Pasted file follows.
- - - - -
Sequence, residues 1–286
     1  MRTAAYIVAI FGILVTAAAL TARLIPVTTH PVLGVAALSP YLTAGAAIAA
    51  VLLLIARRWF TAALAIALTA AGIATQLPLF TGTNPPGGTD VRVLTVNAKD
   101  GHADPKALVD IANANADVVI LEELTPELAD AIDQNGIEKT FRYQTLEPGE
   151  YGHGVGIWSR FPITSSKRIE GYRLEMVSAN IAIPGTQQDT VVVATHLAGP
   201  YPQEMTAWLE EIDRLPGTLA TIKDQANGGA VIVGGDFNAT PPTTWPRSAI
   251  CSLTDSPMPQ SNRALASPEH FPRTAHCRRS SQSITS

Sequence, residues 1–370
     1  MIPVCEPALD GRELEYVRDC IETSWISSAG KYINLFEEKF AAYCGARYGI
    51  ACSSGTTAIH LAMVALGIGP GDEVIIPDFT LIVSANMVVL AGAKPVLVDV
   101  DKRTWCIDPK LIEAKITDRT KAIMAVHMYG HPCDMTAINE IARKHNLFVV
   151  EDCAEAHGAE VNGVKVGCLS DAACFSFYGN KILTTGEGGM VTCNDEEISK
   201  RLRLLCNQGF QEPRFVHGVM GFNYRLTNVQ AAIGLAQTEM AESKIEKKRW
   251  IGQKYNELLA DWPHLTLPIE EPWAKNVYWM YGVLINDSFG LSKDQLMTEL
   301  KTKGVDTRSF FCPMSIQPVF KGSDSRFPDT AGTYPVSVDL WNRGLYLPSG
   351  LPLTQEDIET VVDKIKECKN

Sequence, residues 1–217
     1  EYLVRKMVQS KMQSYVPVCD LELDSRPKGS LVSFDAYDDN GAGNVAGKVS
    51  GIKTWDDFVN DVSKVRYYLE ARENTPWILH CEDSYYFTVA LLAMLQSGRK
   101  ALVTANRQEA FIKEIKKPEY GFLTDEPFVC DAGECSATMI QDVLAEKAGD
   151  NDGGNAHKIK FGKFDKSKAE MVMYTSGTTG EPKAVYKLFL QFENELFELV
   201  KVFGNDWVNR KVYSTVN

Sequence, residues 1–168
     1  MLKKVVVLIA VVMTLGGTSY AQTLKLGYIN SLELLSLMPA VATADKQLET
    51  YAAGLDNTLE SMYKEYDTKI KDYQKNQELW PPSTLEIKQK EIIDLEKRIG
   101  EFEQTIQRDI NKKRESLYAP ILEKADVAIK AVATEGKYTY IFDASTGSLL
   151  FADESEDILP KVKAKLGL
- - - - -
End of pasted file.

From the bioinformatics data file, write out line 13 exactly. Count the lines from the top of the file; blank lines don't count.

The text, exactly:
   201  RLRLLCNQGF QEPRFVHGVM GFNYRLTNVQ AAIGLAQTEM AESKIEKKRW